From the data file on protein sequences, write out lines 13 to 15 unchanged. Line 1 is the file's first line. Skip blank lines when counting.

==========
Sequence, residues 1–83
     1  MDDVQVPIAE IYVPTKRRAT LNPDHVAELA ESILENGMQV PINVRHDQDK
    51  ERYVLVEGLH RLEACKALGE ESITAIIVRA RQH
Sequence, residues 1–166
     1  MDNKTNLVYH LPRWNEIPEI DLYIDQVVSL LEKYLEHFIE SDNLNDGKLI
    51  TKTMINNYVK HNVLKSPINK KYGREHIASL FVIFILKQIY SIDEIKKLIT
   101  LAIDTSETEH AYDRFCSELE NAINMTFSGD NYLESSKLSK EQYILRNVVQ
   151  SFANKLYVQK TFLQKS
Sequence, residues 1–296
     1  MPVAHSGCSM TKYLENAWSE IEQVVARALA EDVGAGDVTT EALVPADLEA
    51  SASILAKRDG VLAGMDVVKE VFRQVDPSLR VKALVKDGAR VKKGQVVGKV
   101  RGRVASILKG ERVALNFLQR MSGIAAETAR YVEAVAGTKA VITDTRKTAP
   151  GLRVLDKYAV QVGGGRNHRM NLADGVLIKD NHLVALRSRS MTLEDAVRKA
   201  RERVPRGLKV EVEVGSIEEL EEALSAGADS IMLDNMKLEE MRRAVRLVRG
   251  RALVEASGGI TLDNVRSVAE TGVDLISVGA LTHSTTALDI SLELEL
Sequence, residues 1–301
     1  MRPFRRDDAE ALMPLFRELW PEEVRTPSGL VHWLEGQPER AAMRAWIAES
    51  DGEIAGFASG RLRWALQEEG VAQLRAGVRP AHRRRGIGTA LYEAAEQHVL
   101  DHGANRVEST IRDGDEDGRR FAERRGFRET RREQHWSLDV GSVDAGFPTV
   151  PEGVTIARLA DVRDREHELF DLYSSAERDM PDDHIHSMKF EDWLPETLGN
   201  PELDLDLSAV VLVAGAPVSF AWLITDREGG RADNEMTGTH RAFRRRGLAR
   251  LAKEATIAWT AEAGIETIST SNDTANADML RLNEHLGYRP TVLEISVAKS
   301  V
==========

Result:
   151  GLRVLDKYAV QVGGGRNHRM NLADGVLIKD NHLVALRSRS MTLEDAVRKA
   201  RERVPRGLKV EVEVGSIEEL EEALSAGADS IMLDNMKLEE MRRAVRLVRG
   251  RALVEASGGI TLDNVRSVAE TGVDLISVGA LTHSTTALDI SLELEL